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Introduction My last post talked about the benefits of Object Storage today. My next few posts will talk about the future direction of Object Storage technology, and the upcoming features that you should be aware of. Today, I will talk about Erasure Coding. Once again, this post will be Swift-centric, but many of these concepts will likely be embraced by other platforms as well.
Introduction In my previous blog post on Object Storage, I provided an overview of what Object Storage is, and how it compares to conventional storage platforms. In this post, I will discuss what benefits Object Storage can provide for you today.  As there are a variety of solutions to choose from, each offering different pros, cons and price-points, I will focus on OpenStack Swift, the open-source Object Storage component of OpenStack, as it is vendor-agnostic and freely available to everyone.
EDITOR’S NOTE: Ken Hui will be joining John Griffith, OpenStack Program Technical Lead for the Cinder Project and Solutions Architect at SolidFire for a webinar Tuesday, April 29 at 11:00 a.m. CDT to talk about OpenStack Block Storage Design Considerations including an interactive panel discussion at the end. Please join John and I by registering at: https://t.co/CRSEOkM5sD.
EDITOR’S NOTE: Ken Hui will be joining John Griffith, OpenStack Program Technical Lead for the Cinder Project and Solutions Architect at SolidFire for a webinar Tuesday, April 29 at 11:00 a.m. CDT to talk about OpenStack Block Storage Design Considerations including an interactive panel discussion at the end. Please join John and I by registering at: https://t.co/CRSEOkM5sD.
Introduction To call Object Storage an emerging technology would be inaccurate. There are already trillions of objects and hundreds (perhaps thousands) of petabytes of data in Object Storage public clouds, such as Rackspace Cloud Files and Amazon S3, in private clouds based on the OpenStack Object Storage platform Swift, and other platforms such as EMC’s Atmos.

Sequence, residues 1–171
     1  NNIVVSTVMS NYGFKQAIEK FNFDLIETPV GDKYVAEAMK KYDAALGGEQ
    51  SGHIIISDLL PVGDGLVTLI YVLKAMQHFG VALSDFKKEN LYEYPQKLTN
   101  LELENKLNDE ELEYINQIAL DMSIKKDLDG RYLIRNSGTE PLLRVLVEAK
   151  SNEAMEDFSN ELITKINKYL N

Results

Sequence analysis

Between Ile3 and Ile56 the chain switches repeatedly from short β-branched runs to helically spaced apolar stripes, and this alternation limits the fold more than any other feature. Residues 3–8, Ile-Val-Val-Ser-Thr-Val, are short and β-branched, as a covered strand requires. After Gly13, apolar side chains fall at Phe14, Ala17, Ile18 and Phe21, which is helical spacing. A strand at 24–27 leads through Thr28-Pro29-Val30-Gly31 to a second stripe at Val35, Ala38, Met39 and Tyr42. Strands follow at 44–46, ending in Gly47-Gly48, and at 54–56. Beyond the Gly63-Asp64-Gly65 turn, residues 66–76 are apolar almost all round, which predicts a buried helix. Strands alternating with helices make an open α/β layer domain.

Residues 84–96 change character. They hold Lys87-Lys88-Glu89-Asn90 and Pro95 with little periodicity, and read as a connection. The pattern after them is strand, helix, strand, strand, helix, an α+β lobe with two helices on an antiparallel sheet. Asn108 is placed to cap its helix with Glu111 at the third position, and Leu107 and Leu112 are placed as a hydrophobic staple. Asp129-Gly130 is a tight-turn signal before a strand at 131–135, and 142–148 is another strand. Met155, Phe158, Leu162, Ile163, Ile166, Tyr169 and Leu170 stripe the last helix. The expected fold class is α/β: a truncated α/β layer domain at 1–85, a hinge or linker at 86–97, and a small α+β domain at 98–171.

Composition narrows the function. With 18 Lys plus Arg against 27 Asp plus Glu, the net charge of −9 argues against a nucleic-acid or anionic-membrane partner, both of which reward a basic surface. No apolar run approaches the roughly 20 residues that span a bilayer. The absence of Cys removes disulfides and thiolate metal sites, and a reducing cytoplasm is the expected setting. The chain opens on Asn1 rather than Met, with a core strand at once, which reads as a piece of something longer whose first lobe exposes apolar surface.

You face a difficult decision in coming days – the press has reported that Nirvanix, your cloud storage provider, is closing its cloud services and you must decide where to take your data.
The verdict is in: distributed object stores like Rackspace Cloud Files, based on OpenStack Swift, are winning the battle for scale-out storage. Anyone can now deploy petabyte-scale storage on inexpensive commodity hardware with data-durability and availability guarantees that far exceed RAID based setups, at a fraction of the cost.
While patience may be a virtue, no one likes to wait when it comes loading a website. Each second that ticks away while your page loads results in a 16 percent decrease in customer satisfaction. Fortunately, whether you are hosting on a virtualized or physical server, you can leverage the Content Delivery Network (CDN) that powers our Cloud Files product to load your page much faster.
A few months ago we had the opportunity to take on a project that would bring Rackspace Cloud Files together with SharePoint web sites. This would be in the form of a SharePoint 2013 app where you would have the ability to log into your Rackspace Cloud account and have access to your cloud storage. Since file collaboration and sharing is in high demand, we also wanted to give you the ability to share files stored in your cloud storage with other people — regardless of whether or not that person has access to the SharePoint site. This would be a step toward facilitating collaboration between SharePoint and non-SharePoint users.
Cloud Files now offers Access Log Delivery, a feature that allows users to enable logging for non-CDN enabled containers. As you may know, logging for CDN-enabled containers already exists today.
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